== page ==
- What do I say to that?
- Have I preached this before?
- What would make this right?
- What am I expected to do? What should I do? (And what do I do when these answers differ?)
Some questions can be answered in a day: Does she need a visit? Who has gifts to teach that class? Am I able to lead another lock-in? We gather information, weigh our options, and decide what we think. We check another item off of our resolve-this list and move on.
Other questions arrive with plans to stay indefinitely: What does God want me to do with my life? What part of me needs transforming? Who do I exclude? Questions like these come with full baggage, ready to take up lifelong residency if necessary. While they might annoy us at times, and alter our plans, they also bring gifts. They remind us of what matters most. They help us learn and grow. These questions take us to new places and deepen our faith.
In his book Letters to a Young Poet, Rainer Maria Rilke pleads with a young artist “. . . to be patient toward all that is unsolved in your heart and to try to love the questions themselves like locked rooms and like books that are written in a very foreign tongue. Do not now seek the answers, which cannot be given you because you would not be able to live them. And the point is, to live everything. Live the questions now. Perhaps you will then gradually, without noticing it, live along some distant day into the answer.” *
Rilke’s advice to not seek answers may be counterproductive for the first installment of an advice blog. But perhaps his words are a wise reminder as we kick-off what we hope will be conversation that matters. Some of our biggest questions need to be shared because these questions can lead us to life—and they might lead others there as well. From his time as a twelve-year-old who was questioning leaders in the Temple to “My God, my God, why have you forsaken me?” on the cross, Jesus’ questions fill the gospels. He used questions to teach his followers and those questions continue to enrich faith communities. Asking leads to discoveries we might otherwise miss. When we ask together, we find community with each other.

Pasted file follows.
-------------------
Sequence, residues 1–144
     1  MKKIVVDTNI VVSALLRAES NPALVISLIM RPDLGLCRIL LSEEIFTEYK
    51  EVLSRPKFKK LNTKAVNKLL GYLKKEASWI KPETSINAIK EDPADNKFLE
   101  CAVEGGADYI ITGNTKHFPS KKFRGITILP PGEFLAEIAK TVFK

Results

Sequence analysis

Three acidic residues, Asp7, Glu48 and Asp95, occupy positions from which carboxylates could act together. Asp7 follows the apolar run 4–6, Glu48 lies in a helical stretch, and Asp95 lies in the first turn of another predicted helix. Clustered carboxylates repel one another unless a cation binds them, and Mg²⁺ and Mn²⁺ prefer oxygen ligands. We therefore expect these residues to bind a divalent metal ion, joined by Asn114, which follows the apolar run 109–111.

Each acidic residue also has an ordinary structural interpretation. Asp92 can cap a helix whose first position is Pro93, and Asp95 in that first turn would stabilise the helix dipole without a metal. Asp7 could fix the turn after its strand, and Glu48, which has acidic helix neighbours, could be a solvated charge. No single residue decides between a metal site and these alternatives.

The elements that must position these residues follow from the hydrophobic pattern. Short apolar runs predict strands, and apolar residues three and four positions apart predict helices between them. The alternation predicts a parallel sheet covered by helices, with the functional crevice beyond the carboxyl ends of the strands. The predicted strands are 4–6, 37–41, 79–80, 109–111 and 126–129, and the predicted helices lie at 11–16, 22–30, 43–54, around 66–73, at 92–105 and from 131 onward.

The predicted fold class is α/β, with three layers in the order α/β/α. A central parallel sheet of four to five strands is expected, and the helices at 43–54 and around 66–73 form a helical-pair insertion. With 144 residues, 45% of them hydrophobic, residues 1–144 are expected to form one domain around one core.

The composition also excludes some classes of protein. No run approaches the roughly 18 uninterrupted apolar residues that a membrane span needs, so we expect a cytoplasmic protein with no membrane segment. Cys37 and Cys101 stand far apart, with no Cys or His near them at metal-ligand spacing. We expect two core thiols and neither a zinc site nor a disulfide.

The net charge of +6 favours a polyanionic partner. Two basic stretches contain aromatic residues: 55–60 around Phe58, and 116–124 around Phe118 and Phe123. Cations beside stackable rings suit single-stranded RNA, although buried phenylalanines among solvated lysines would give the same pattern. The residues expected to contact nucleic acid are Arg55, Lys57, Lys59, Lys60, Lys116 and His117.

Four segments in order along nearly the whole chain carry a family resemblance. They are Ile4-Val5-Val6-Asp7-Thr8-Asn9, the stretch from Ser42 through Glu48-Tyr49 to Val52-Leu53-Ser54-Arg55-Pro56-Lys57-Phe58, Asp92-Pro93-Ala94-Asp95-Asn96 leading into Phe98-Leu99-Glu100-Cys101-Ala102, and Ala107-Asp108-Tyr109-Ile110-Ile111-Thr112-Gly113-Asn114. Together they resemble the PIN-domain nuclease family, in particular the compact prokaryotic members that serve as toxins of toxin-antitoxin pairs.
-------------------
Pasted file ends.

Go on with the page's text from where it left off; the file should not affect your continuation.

So what are the questions you are living with these days? What has taken up residence, made you wonder, and promises a long stay? Would you send a few of these to: firstname.lastname@example.org so that our conversation can begin? May this Dear Addie blog become a place of conversation and community for us as we share questions and discoveries. (And if your pressing question right now is whether or not you can lead another lock-in, send it in. We’ll talk about it, too.)
*Rainer Maria Rilke, Letters to a Young Poet (New York: W.W. Norton and Company, 1962), 35.